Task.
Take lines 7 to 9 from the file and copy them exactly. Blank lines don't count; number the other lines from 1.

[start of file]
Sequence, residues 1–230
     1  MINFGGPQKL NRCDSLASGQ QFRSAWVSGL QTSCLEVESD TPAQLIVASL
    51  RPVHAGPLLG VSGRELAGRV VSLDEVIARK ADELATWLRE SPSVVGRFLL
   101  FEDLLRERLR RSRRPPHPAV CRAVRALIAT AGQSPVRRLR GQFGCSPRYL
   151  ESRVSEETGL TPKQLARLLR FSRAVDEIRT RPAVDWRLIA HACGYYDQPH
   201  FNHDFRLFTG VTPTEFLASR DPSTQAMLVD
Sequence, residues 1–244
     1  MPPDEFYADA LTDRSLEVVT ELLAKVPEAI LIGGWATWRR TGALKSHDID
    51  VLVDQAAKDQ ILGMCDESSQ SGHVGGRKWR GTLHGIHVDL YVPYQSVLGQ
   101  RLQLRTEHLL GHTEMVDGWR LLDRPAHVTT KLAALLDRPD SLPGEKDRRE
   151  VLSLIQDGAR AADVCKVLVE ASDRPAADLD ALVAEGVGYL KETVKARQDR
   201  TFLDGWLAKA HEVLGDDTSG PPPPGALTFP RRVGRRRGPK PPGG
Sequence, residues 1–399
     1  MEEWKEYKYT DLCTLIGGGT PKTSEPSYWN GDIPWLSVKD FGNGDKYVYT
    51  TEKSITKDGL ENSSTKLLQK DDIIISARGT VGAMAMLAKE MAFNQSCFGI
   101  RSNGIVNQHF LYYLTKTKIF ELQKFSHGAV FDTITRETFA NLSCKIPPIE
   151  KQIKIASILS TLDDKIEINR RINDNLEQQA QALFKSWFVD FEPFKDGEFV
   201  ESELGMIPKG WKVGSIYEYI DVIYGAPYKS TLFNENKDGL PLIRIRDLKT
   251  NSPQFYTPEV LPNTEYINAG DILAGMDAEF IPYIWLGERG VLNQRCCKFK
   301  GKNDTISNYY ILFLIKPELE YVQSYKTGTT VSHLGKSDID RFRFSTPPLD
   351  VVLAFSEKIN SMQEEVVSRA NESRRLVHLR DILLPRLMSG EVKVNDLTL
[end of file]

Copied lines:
Sequence, residues 1–244
     1  MPPDEFYADA LTDRSLEVVT ELLAKVPEAI LIGGWATWRR TGALKSHDID
    51  VLVDQAAKDQ ILGMCDESSQ SGHVGGRKWR GTLHGIHVDL YVPYQSVLGQ